The Washington County Historic Courthouse in Stillwater, one of the oldest public buildings in Minnesota, will mark its 150th birthday Friday when official court proceedings are held there for the first time in more than 40 years.
District Judge Gregory Galler will hear a calendar of civil and criminal cases beginning at 9 a.m. in the second-floor courtroom. The last case in the old courthouse was heard in 1974, before courts and county offices moved to new quarters about a mile away.
On June 3, the 100-year anniversary of the dedication for the Civil War Soldiers and Sailors Monument, on the grounds of the Historic Courthhouse, will be observed. The free event, from 11 a.m. to 3 p.m., will include tours of the courthouse, live music, carriage rides, Civil War re-enactors, old-fashioned candy and the grand opening of a Civil War exhibit.
The Historic Courthouse is at 101 W. Pine St.
County honors last man in Last Man’s Club
Jean DeCurtins, 98, the last survivor in a Last Man’s Club formed in Stillwater in 1944, was honored with a special week in his name just before Memorial Day.
Tuesday’s proclamation came from the Washington County Board. Commissioner Gary Kriesel asked DeCurtins if he wanted to say a few words, to which DeCurtins succinctly responded in a firm voice: “Thank you.”
DeCurtins, a lifelong resident of Washington County, was among 180 young men from the Stillwater area who joined the National Guard’s 34th Infantry Division before World War II. He was activated for duty on Feb. 10, 1941, and served as part of the Red Bull Division of the National Guard.
DeCurtins was wounded twice in battle and awarded the Purple Heart.
After returning from the war, DeCurtins and other veterans formed a Last Man’s Club. A plaque with the members’ names hung in the Washington County Government Center for many years and recently was moved to the new Stillwater Armory.
Board approves replacing old jail radios
The Anoka County jail soon will be acquiring 60 new portable radios to replace its existing batch of aging devices.
County commissioners last week unanimously approved buying the radios from Motorola at a cost of up to $255,000.
“While this seems high, Motorola kind of has the corner on the market, and it’s a necessary piece of equipment,” Commissioner Matt Look said.
Cmdr. Dave Pacholl, the jail administrator, said the equipment update is urgent and cited safety issues that can emerge from poor reception and transmission.
“If we have an emergency, minutes count,” he said.
At times, requests for assistance from detention deputies have been disrupted by malfunctioning radios, some of which are more than 10 years old, Pacholl said.
“It’ll garble and you won’t get a voice,” he said. “You’ll get static.”
The Sheriff’s Office has proposed replacing all of its radios in coming years, starting with the county jail.
Police body cam pilot moves forward
City leaders recently gave final approval to a police body camera pilot program that could hit the streets as soon as June 1..
Following a required public comment period, City Council members unanimously voted to move the program forward at the May 16 council meeting.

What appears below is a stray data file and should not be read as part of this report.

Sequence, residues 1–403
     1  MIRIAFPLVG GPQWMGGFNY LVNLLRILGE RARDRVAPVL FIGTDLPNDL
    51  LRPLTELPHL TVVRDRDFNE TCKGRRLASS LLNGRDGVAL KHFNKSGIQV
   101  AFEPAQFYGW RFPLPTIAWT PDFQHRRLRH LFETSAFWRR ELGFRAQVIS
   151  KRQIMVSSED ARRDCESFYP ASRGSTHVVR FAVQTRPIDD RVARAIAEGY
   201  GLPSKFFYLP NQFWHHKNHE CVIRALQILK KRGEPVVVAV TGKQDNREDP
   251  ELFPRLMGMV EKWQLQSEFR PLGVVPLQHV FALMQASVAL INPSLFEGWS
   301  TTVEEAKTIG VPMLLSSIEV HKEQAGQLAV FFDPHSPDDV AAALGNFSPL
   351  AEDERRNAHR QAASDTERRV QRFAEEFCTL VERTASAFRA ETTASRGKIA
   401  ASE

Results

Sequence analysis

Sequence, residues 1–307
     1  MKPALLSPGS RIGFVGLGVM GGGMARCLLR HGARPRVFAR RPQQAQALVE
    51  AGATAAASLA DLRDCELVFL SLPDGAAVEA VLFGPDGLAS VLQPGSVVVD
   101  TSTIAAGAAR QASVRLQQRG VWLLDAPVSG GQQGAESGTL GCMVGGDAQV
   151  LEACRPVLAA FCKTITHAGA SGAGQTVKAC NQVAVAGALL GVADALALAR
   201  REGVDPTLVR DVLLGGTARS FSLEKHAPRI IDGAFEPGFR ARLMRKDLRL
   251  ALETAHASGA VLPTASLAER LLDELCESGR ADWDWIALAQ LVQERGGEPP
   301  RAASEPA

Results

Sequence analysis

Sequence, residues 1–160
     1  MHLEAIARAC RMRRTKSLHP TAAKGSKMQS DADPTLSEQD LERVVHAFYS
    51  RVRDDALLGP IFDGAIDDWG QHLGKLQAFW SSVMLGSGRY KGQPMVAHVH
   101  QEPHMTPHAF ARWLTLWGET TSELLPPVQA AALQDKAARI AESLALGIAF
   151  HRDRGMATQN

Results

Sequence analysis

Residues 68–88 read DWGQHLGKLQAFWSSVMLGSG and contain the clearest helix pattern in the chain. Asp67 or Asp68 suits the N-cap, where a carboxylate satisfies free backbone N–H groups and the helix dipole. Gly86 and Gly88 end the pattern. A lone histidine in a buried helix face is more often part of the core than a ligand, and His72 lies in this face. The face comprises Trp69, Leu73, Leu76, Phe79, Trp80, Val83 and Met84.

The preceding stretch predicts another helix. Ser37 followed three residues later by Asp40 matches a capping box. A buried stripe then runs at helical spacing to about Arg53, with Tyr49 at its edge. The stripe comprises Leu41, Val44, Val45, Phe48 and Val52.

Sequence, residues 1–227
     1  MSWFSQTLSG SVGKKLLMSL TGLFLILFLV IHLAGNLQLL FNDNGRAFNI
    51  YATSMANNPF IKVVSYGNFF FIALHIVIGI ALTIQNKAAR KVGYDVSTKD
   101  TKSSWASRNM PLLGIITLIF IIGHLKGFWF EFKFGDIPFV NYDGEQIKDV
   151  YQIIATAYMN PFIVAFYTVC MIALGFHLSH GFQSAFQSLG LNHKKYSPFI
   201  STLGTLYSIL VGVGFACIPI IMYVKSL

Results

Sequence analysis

The police department has been researching the program for the past two years. An online survey found that 85 percent of Crystal residents believe that body-worn cameras would increase community trust in law enforcement.
The department has already purchased its first batch of 10 cameras for $11,000 and expects to buy 15 more in early 2018. The program is scheduled to roll out fully in February.
The first cameras could debut as early as next month, Police Chief Stephanie Revering said.
“We’re going to try and get as many officers to touch these before we actually go live next year,” she said.
Construction to limit access at Sports Center
With construction underway for a new elementary school in Blaine, visitors to the National Sports Center will lose certain entry points and parking in coming months.
Two access points from Davenport Street NE. to the main parking lot will be closed, as will the access point near field U3 to parking Lot A, according to a news release.
The school will be built on the Sports Center campus near the corner of 105th Avenue NE. and Davenport.
Traffic to Victory Links Golf Course will remain unaffected, while most other visitors will need to use 105th Avenue NE. to reach the Sports Center. Some of those areas may be reopened temporarily in July for the Schwan’s USA Cup tournament.
Meanwhile, all parking on the west end of the main parking lot will be closed to accommodate construction. Visitors can still park in the rest of the main lot, as well as in Lots A and B.
Maps with construction zones and traffic impacts are available online at nscsports.org/map.
County to open tuj lub courts at Keller Park
A play area designed for the Hmong community will mark its grand opening June 10 at Keller Regional Park in Maplewood.
That’s when new tuj lub (too-loo) courts will be opened to the public near the Golfview shelters. The program will include a traditional dance and pipe performance, along with demonstrations of how the game is played and a chance for attendees to try it.
Tuj lub is a traditional Hmong top-spinning game on a grass court.